"One hundred years later, Filipinos in the United States and Filipino Americans have every reason to ask what Rizal - along with the revolution he inadvertently inspired some seven thousand miles across the Pacific Ocean- has to do with student and academic communities in the United States today. They certainly won't appear in most classes on U.S. history, or Asian American OR U.S. ethnic studies for that matter. Why should Americans (even US minorities) concern themselves with FIlipino- or for that matter any extra- or anti- United States- nationalism? If anything, Filipino immigrants taking the Immigration and Naturalization Service (INS) exam might find more compelling reasons to know the importance of Abraham Lincoln and Martin Luther King, Jr. than the likes of Rizal, Marcelo H. del Pilar, or Graciano Lopez Jaena- three Filipino intellectuals and publicists who wrote mostly in Spanish, had conflicting loyalties between mother Spain and their native Filipinas, and didn't have much of an opinion on the United States by the time they died in 1896.
Even if thousands of US-based Filipinos and Filipino Americans continue to commemorate Rizal's execution on Rizal Day (December 30), celebrated with food and formal dress everywhere from Alexandria to Detroit, how many of us know or care that del Pilar and Lopez Jaena died of poverty and tuberculosis (the same year Rizal died), neglected and forgotten by everyone, as a new generation of Filipino thinkers and revolutionaries braced itself for a war against the past and future empires of the Western world? And if we did know the history of those who inspired an entire generation to go to war against the superior arms and resources of that vast and powerful North American country, would we care?"Positively No Filipinos Allowed: Building Communities and Discourse (Asian American History & Culture) (Paperback) by Antonio Tiongson (Editor), Ricardo Gutierrez (Editor), Edgardo Gutierrez (Editor), January 2006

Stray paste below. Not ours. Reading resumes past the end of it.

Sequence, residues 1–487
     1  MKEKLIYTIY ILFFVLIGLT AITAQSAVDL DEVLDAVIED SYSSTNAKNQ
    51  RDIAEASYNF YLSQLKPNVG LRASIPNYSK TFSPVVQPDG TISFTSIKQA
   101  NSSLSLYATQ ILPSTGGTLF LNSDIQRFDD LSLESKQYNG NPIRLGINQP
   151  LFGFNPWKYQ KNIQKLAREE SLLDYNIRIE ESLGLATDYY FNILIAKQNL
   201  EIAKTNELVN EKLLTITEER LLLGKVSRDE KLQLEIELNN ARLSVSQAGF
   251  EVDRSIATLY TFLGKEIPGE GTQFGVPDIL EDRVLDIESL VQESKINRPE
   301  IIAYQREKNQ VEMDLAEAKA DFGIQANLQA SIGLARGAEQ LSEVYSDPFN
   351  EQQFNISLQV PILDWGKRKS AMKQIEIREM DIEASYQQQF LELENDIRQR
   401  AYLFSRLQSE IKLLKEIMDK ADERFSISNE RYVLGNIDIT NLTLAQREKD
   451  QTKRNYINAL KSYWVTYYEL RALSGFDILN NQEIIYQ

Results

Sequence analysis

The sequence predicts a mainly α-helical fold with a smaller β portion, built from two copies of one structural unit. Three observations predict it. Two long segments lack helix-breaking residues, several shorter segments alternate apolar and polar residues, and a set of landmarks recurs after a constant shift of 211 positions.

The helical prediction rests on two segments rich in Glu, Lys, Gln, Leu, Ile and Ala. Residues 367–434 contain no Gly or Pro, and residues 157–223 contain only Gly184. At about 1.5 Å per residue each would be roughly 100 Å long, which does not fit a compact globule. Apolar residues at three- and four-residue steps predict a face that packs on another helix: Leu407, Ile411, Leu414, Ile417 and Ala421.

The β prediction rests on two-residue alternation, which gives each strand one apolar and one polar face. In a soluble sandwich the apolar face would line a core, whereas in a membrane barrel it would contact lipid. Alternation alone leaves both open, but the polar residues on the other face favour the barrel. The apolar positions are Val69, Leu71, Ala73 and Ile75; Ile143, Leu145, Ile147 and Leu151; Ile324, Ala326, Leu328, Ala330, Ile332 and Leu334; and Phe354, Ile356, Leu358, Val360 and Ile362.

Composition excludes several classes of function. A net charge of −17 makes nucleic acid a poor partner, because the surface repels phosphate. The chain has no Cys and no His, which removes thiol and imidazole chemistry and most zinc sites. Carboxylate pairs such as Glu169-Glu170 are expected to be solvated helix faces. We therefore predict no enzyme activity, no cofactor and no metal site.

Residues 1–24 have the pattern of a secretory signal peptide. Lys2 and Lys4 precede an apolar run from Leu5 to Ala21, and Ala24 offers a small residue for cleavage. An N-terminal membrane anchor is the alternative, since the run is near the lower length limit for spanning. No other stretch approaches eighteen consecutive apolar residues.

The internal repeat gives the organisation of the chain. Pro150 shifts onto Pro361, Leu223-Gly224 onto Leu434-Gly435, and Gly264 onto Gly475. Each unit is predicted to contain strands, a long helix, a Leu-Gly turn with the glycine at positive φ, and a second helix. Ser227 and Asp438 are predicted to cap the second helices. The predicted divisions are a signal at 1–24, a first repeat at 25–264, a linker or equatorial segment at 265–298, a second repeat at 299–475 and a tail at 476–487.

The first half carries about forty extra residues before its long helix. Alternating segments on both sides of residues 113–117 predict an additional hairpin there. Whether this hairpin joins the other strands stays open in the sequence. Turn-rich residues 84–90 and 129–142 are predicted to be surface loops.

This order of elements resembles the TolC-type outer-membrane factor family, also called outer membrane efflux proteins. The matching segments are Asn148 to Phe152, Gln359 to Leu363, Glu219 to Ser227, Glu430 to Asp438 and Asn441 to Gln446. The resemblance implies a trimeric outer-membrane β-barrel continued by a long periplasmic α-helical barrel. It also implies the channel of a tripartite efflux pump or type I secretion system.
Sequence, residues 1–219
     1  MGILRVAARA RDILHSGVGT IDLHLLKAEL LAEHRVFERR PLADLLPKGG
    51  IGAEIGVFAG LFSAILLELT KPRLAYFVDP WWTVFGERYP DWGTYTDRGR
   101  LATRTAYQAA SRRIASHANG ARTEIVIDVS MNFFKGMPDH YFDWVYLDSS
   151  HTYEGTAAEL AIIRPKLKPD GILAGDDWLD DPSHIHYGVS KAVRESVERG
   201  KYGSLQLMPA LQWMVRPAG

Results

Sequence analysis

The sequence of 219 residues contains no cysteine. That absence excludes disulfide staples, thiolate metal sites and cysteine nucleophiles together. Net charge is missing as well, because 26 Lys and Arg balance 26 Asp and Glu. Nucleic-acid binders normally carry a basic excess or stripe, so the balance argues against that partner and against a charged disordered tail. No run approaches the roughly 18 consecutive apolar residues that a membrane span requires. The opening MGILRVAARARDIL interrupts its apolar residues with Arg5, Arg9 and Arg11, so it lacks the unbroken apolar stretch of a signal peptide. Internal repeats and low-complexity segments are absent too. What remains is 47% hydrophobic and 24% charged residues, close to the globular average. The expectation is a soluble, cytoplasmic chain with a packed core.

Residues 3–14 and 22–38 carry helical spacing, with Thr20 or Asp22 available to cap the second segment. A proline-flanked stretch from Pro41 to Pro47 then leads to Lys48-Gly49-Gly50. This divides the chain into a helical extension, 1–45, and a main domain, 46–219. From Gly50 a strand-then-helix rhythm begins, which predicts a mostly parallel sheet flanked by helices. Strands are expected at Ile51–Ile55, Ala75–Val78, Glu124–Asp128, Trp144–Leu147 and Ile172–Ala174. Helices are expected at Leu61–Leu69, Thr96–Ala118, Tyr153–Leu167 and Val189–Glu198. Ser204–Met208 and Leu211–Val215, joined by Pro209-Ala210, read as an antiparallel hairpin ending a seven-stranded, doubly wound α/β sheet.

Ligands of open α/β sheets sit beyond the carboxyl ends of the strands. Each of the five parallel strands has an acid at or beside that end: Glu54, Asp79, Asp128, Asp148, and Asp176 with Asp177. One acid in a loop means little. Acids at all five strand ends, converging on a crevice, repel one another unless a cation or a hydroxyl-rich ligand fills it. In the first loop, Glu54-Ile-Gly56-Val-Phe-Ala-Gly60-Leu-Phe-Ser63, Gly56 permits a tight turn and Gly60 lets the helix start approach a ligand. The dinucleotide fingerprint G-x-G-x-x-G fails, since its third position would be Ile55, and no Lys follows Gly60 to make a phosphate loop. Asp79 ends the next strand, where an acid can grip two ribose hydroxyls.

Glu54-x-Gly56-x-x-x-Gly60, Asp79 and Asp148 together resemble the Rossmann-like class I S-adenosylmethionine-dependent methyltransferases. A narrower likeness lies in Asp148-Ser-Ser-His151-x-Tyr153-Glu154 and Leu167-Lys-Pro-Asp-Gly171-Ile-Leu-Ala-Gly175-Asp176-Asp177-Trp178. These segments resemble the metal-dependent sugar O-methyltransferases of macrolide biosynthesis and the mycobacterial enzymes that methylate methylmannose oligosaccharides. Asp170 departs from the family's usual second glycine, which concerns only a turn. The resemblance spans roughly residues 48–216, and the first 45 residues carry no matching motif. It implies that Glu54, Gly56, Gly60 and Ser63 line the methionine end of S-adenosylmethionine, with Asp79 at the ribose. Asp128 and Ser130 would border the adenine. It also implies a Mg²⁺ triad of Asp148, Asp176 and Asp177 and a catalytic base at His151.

Positively No Filipinos Allowed: Building Communities and Discourse (Asian American History & Culture)
12 Little Things Every Filipino Can Do to Help Our Country
1. Follow traffic rules. Follow the law. 2. Whenever you buy or pay for anything, always ask for an official receipt. 3. Don’t buy smuggled goods. Buy Local. Buy Filipino. 4. When you talk to others, especially foreigners, speak positively about us and our country. 5. Respect your traffic officer, policeman and soldier. 6. Do not litter. Dispose your garbage properly. Segregate. Recycle. Conserve. 7. Support your church. 8. During elections, do your solemn duty. 9. Pay your employees well. 10. Pay your taxes. 11. Adopt a scholar or a poor child. 12. Be a good parent. Teach your kids to follow the law and love our country. - Alexander L. Lacson, Lawyer and Author